After starting in the twelfth position in the Miami Grand Prix, George Russell thinks he "lucked out" when a Safety Car enabled him finish fifth.
Russell's unusually lengthy opening stint on the hard tyres allowed him to progressively advance through the field as drivers in front of him stopped until he was in fifth place, the highest-running driver without a pit stop.
Russell was on the back straight entering the pit lane when Pierre Gasly and Lando Norris crashed, bringing out the Virtual Safety Car. This allowed him to instantly stop for new medium tires and rejoin the race in seventh place, behind teammate Lewis Hamilton. Russell finally passed Hamilton and Valtteri Bottas to finish sixth when the Safety Car was deployed and the race was eventually resumed.
Russell states that he and Mercedes opted to stretch his first stint for as long as possible in the hopes that a Safety Car intervention would let them to pit and gain track position.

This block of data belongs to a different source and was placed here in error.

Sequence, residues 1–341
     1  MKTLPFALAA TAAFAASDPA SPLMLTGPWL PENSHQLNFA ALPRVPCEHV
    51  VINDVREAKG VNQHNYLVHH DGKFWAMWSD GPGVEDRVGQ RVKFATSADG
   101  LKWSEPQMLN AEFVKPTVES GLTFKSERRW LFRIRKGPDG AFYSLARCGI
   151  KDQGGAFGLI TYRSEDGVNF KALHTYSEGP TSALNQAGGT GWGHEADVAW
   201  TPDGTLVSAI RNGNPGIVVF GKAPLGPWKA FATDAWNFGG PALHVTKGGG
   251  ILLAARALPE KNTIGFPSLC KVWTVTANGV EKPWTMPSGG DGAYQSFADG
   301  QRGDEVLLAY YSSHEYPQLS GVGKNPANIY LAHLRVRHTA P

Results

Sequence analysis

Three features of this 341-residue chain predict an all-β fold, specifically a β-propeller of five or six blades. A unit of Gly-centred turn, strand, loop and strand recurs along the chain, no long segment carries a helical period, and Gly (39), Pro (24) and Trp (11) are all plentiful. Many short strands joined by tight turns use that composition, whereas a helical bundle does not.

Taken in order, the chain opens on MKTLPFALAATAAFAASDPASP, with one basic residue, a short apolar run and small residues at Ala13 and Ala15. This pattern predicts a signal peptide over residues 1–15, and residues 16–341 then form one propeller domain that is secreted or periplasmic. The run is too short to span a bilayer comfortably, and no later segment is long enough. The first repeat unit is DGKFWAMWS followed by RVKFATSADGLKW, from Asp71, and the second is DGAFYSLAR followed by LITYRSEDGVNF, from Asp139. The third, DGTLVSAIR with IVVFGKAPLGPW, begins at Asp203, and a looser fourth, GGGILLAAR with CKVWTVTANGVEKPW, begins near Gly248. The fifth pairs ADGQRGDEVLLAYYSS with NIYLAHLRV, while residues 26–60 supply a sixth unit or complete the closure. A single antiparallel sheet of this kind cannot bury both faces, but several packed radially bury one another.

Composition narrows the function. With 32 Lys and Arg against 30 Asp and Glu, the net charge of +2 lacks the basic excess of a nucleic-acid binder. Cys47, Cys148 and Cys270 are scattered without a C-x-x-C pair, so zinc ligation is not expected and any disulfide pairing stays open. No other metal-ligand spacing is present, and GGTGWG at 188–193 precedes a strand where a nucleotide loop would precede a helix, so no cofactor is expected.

"I believe it was quite lucky," Russell concedes. "When such occurrences occur, you appear quite brilliant. However, this is the case when utilizing an offset method.
"We had covered P7. There was no use in pitting; we could as well have stayed out there and hoped something similar would occur, and today we were fortunate."
Russell lost three positions on the opening lap due to the fact that he began the race on hard tires while those behind him were on mediums. "Those initial laps were quite difficult," he explained. "On the first lap, I was fully engulfed, and I realized I had to avoid danger."
He crossed the finish line in fifth position, ahead of Hamilton. Russell has now completed all five races of the 2022 season within the top five positions. Russell said "yes and no" when asked if fifth and sixth are the highest spots Mercedes can currently hope for.
He stated, "Five and six is where we ought to be." "Clearly, we have likely underperformed at a number of circuits, particularly on Saturdays, which makes things tough for us.
"Nevertheless, this weekend is where we've showed the greatest promise. However, we still have a long way to go."